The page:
GBS infections in pregnant women include urinary tract infection, upper genital tract infection, intraamniotic infection, endometritis, and bacteremia [5,6]. Invasive maternal infection with GBS is associated with pregnancy loss and preterm delivery [4,7]. Prior to the widespread use of maternal intrapartum chemoprophylaxis, maternal colonization with GBS conferred an increased risk of chorioamnionitis, and early postpartum infection [8,9]. There does not appear to be an association between maternal GBS colonization during pregnancy and preterm delivery .
In the Centers for Disease Control and Prevention (CDC) surveillance study including data collected from 1999 to 2005, the rate of invasive infection (defined as isolation of GBS from a blood or other usually sterile body site, excluding urine) in pregnant women was 0.12 per 1000 live births (range 0.11 to 0.14 per 1000 births) . Upper genital tract infection accounted for approximately one-half of cases, isolated bacteremia occurred in one-third of cases, and GBS was isolated from maternal blood in approximately one-half of cases. Among women for whom pregnancy outcome data were available, approximately one-half of the maternal GBS infections led to fetal death, neonatal infections, neonatal death, or pregnancy loss.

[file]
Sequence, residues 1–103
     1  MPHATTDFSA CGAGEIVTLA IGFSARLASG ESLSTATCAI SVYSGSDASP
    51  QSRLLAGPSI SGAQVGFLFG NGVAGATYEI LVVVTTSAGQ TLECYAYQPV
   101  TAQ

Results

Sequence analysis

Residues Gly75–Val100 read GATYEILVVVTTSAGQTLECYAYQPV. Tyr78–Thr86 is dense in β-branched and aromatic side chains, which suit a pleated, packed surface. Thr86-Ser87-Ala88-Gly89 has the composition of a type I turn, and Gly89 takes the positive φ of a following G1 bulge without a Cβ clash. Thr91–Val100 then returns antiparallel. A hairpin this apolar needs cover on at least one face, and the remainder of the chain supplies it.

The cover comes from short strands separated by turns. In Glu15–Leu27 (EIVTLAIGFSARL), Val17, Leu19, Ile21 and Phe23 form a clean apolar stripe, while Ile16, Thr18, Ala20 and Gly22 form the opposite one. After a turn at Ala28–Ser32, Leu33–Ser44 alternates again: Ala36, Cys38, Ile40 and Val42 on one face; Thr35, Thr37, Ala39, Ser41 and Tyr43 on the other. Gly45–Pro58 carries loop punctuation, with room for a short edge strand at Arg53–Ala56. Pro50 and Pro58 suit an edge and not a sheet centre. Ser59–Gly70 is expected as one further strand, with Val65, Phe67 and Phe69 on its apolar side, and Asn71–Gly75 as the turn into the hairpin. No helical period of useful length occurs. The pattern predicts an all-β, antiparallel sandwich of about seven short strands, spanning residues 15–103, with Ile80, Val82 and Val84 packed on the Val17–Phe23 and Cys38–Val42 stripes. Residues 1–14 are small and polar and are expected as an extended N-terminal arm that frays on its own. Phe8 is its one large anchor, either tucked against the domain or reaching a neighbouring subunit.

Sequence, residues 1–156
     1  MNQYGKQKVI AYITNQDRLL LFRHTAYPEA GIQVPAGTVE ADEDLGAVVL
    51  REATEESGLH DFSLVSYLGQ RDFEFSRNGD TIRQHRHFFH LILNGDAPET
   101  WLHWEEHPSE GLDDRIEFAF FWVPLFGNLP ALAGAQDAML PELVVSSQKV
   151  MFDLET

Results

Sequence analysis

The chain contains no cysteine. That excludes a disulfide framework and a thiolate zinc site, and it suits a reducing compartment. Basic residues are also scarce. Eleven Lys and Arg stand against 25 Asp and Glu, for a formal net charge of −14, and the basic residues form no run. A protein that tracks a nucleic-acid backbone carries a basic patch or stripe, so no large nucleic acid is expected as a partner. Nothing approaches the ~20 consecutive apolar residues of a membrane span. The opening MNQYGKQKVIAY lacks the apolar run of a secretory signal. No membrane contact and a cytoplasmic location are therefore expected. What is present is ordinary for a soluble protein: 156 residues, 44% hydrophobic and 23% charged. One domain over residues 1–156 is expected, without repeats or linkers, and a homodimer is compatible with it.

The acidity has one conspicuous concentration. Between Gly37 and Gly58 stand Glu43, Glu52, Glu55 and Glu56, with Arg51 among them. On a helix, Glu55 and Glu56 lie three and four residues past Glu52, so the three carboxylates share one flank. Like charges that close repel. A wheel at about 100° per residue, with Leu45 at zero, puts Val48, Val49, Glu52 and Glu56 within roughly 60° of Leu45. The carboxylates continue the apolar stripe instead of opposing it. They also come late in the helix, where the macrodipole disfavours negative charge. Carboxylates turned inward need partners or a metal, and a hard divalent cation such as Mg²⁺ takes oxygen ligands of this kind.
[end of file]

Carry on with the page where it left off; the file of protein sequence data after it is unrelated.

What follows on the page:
- Edwards MS, Nizet V, Baker CJ. Group B Streptococcal Infections. In: Infectious Diseases of the Fetus and Newborn Infant, 7th ed, Remington JS, Klein JO, Wilson CB, et al (Eds), Elsevier Saunders, Philadelphia 2011. p.419.
- Eichenwald EC. Perinatally transmitted neonatal bacterial infections. Infect Dis Clin North Am 1997; 11:223.